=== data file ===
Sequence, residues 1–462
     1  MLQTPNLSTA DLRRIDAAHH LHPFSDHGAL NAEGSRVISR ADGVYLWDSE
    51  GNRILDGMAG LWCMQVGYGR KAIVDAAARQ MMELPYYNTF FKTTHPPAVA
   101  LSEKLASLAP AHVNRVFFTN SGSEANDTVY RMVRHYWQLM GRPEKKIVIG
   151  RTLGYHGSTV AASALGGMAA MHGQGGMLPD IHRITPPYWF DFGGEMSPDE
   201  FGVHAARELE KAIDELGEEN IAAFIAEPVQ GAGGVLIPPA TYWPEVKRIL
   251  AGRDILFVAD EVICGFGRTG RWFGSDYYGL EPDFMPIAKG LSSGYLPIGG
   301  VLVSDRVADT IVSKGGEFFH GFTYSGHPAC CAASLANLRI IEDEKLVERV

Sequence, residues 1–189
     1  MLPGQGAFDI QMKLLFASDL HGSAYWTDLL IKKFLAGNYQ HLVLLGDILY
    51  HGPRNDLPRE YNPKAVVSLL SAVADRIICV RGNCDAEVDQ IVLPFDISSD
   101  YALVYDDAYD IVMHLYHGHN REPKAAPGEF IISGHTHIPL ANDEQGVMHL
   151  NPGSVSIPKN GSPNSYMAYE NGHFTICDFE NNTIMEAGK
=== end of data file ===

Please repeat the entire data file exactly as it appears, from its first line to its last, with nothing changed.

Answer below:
Sequence, residues 1–462
     1  MLQTPNLSTA DLRRIDAAHH LHPFSDHGAL NAEGSRVISR ADGVYLWDSE
    51  GNRILDGMAG LWCMQVGYGR KAIVDAAARQ MMELPYYNTF FKTTHPPAVA
   101  LSEKLASLAP AHVNRVFFTN SGSEANDTVY RMVRHYWQLM GRPEKKIVIG
   151  RTLGYHGSTV AASALGGMAA MHGQGGMLPD IHRITPPYWF DFGGEMSPDE
   201  FGVHAARELE KAIDELGEEN IAAFIAEPVQ GAGGVLIPPA TYWPEVKRIL
   251  AGRDILFVAD EVICGFGRTG RWFGSDYYGL EPDFMPIAKG LSSGYLPIGG
   301  VLVSDRVADT IVSKGGEFFH GFTYSGHPAC CAASLANLRI IEDEKLVERV

Sequence, residues 1–189
     1  MLPGQGAFDI QMKLLFASDL HGSAYWTDLL IKKFLAGNYQ HLVLLGDILY
    51  HGPRNDLPRE YNPKAVVSLL SAVADRIICV RGNCDAEVDQ IVLPFDISSD
   101  YALVYDDAYD IVMHLYHGHN REPKAAPGEF IISGHTHIPL ANDEQGVMHL
   151  NPGSVSIPKN GSPNSYMAYE NGHFTICDFE NNTIMEAGK